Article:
Native QuickTime in PowerPoint for Windows

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Date: Monday, April 8th, 2002, 13:00
Category: Archive


A follow-up to our previous story iMovie Clip Trouble in PowerPoint.

One of the advantages of being a student at a large university is your access to sources of information, including that of Apple itself. The Mac community here is very strong, and this is what an Apple representative sent one of our Mac related email lists a short while back. Hope this helps:

I’m sure everyone is aware of the QuickTime ActiveX control that we released a while back to deal with Microsoft’s friendly decision to drop support for Netscape-style browser plug-ins. I’ve been wondering for a while whether this would help customers embed QuickTime content into Microsoft Office applications — namely, PowerPoint.

As you know, currently when you import a QuickTime file, Office apps usually complain because they try to play the QuickTime file with Microsoft’s media player. Unless you pick from a really pathetic range of codecs that are supported by both QuickTime and Windows Media, the file won’t play.

Microsoft’s solution is to either convert the QuickTime movie, or to create a hyperlink to the document. See this article from Microsoft’s knowledge base for details.

But the QuickTime ActiveX control could change all of this. It is now possible to embed a QuickTime movie into an Office document and have QuickTime handle it as if it were loading on a web page. Here are the steps, for those of you who have a Windows PC handy:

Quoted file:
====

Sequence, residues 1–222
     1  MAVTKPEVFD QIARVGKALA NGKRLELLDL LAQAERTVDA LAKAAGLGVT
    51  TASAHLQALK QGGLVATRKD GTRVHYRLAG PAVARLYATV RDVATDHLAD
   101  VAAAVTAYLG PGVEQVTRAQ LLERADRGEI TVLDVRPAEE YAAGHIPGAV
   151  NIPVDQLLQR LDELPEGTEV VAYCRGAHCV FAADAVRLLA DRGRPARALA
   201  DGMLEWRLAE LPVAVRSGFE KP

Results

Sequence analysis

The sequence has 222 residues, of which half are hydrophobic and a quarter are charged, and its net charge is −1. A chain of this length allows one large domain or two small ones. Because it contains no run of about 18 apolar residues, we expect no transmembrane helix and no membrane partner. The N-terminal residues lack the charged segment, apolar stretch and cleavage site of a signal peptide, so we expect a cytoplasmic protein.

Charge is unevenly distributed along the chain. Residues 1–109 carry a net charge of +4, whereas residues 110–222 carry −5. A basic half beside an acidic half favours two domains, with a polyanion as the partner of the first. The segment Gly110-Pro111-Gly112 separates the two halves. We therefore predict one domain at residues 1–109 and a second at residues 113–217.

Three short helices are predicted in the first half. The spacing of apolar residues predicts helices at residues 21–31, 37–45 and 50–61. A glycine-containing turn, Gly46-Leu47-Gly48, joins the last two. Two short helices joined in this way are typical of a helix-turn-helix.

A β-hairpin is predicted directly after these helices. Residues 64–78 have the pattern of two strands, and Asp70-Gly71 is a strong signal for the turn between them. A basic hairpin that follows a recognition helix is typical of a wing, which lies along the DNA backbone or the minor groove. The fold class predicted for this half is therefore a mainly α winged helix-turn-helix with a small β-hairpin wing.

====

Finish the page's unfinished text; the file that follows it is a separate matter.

• Choose View > Toolbars > Control Toolbox to display the ActiveX toolbar.
  • Click the “More Controls” button — a hammer and wrench crossed above an ellipsis.
  • Double-click “QuickTime Object” in the list of ActiveX controls.
  • Click in the slide to create a QuickTime ActiveX object.

At this point the ActiveX object is just an empty box with resizing controls.

- To set the size of the movie, right click the ActiveX object and choose “Properties” from the contextual menu.

Set the height and width of the movie accordingly. Try a height of 240 and width of 190 if you want to try the QT sample movie.

Now comes the fun part. To do anything interesting — like actually open or play the movie — you have to jump into Visual Basic. At least that’s the only way I’ve figured out so far.

- Right-click the ActiveX object and choose “View Code” from the contextual menu.

You’ll be placed in a “GotFocus()” event handler for the movie.

- You can now add any of the EMBED tag attributes using the following syntax:

Me.<QT object name>.AddParam <attribute name> <attribute value>

For example, try entering the following code:

Me.QTActiveXPlugin1.AddParam “SRC”, “C:Program FilesQuickTimeSample.mov”
Me.QTActiveXPlugin1.AddParam “CONTROLLER”, “FALSE”
Me.QTActiveXPlugin1.AddParam “AUTOPLAY”, “TRUE”

For other parameters, see this Web site:

- Choose Debug > Compile VBAProject.
- Choose File > Close and Return to Microsoft PowerPoint.
- Play the slide.

IT WORKS. It’s ugly, but hey, it’s a first step.

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